Archive for August, 2011

Learning to Blog – True Slow and Steady Entrepreneurship

Saturday, August 27th, 2011

I always love when people ask me what I do. I use to give all sorts of convoluted answers, but now I just simply say I’m a blogger. After they close their gaping mouth, they then start trying to ask questions which basically ask the question, How do you do that?

Of course, the real issue is that most people don’t understand the type of blogging I do. Most of them just think of their wife’s blog or a family blog that they might know about. They don’t realize that blogs have an amazing power outside of just sharing stories about your family.

The other assumption that people make is that as a blogger I JUST write stuff. While I guess at it’s core, writing blog posts are essential to blogging, there’s so much more to creating a successful blog.

I’ve been pondering on how to share the knowledge I have with other people that want to do what I do. At first I considered teaching a summer course, but finding a location and the right pricing model made it so I never did it. A few recent happenings have prompted me to basically create a new premium blog that will teach someone how to blog.

It will probably take me a few months to create, but here’s an off the top of my head outline of the topics I want to cover:

-Choosing the Right Blog Topic (Passion)
-Key Points to Setting Up a Blog (plugins, hosting, platform, etc)
-Creating Great Content
-Marketing the Content
-Monetizing the Content

There are a whole lot of sub-topics under the above topics, but you get the idea. I think it shows the real core of what you need to be a successful blogger.

My approach is different than many other people. I won’t be claiming any get rich quick scheme. In fact, I’ll do quite the opposite. Blogging is the epitome of slow and steady entrepreneurship. However, done consistently over time it can have amazing rewards!

I just wanted to put this out there. More details to come in the future. If this interests you, let me know in the comments.

2011 Tech Nevada Honors – #vegastech

Tuesday, August 16th, 2011

TechNevada Honors is an annual event to celebrate those individuals and companies that have greatly enhanced the growth and prestige of the technology community in Nevada. Considering many of the great things happening with Vegas Tech and particularly this great list of Las Vegas Startups, I hope that we see a bunch of those startup companies featured at the Tech Nevada Honors event.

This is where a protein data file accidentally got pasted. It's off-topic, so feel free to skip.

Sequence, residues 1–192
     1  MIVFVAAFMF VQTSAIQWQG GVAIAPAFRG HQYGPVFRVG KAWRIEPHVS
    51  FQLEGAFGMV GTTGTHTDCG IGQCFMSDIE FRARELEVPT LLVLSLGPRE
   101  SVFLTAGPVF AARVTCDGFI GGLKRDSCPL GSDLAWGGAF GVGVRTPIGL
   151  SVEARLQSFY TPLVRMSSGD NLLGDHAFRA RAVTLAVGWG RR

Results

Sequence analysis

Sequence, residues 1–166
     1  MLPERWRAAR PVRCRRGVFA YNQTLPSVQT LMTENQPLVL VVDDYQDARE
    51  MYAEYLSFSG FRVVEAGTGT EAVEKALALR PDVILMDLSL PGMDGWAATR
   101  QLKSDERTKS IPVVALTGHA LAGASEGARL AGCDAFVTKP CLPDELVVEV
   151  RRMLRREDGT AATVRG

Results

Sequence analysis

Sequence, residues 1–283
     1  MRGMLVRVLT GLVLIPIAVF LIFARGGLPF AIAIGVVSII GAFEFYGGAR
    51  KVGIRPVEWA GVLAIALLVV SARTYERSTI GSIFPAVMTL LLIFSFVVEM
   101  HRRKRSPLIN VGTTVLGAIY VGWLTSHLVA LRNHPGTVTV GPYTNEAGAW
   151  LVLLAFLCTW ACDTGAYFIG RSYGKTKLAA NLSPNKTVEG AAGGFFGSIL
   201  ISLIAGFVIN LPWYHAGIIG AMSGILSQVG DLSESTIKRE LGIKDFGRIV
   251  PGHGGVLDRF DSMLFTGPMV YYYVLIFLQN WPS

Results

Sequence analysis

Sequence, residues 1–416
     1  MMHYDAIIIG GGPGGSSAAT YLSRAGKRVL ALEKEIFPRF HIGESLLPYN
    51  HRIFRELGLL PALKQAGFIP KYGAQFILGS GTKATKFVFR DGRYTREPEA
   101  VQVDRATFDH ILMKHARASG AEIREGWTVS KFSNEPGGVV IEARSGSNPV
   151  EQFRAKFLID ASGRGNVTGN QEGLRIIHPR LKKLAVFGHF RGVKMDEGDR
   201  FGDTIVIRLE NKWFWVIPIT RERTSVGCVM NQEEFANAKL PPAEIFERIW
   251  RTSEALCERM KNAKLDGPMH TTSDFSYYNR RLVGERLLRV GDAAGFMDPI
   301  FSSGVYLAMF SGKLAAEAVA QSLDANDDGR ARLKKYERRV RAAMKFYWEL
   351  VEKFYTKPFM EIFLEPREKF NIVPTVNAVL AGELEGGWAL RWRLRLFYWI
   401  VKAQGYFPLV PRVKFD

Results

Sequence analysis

Qualifications for the awards are outlined on the nomination form (PDF). Nominations must be made in the following categories:
CIO/CTO of the Year
Tech Company of the Year
Tech Entrepreneur of the Year
Tech Transplant of the Year
Tech Educator of the Year
Tech Start Up of the Year
Tech Star in the Public Sector
Technology Hall of Fame
Green Company of the Year

Tech Nevada Honors is hosted by Technology Business Alliance of Nevada (TBAN). The Awards Banquet will be held on the evening of October 19, 2011, at the Springs Preserve, 333 South Valley View Boulevard – Las Vegas, NV 89107. Limited seating & Sponsorship (PDF) are still available if your company is interested in sponsoring this event.

The Humble – Confidence Dichotomy of Successful Entrepeneurs

Tuesday, August 9th, 2011

When reading this post by Brad Feld, I was reminded of the challenge that is being an entrepreneur and leading a company. In Brad’s post he talks about a couple of strong, capable entrepreneurs that were starting to have self doubt. Brad suggests a way out of this self doubt using inquiry. Go read his post to learn about that.

What hit me about his description of self doubting entrepreneurs was how much of a challenge it is to be an entrepreneur. As the founder and leader, you’re constantly walking the tight rope of humility and confidence. You have to be humble enough to not compare yourself to others (and other companies), while keeping your confidence for the rest of the team.

Both of those characteristics are hard to manage.

I think by our very nature we want to start comparing ourselves to other people. If it’s not in our nature, then it’s in our culture. Either way, the ability to not compare yourself to others is a challenge. When you talk to other entrepreneurs you rarely get the whole story. They only tell you the exciting and wonderful parts of their business. They seem to avoid telling you about their fears, anxieties, pressures, stress, and even failures.

Since all you’re hearing is the great things about other companies, it’s not even fair to compare your business to another. Even if you do hear the challenges of another company, there’s still little value in finding your self worth in your company being better than another company. Guess what? It doesn’t really matter.

Related to the above challenge is the entrepreneurial challenge of remaining confident for the rest of your team. There’s a reason that a coach is so great for an entrepreneur. It gives them someone to share their deepest fears that they’ve kept bottled up from the company because they want to maintain the culture.

I’m not talking about lying or misleading people in your company. You should always speak frankly, honestly and openly with the people who work with them. However, the best CEO’s know when is the time to keep your fears to yourself and when is the time to share those fears with the company. Often some things are better kept unsaid.

Thus the dual life of an entrepreneur. I’d love to hear your thoughts on this challenge. How do you deal with it? What have you seen?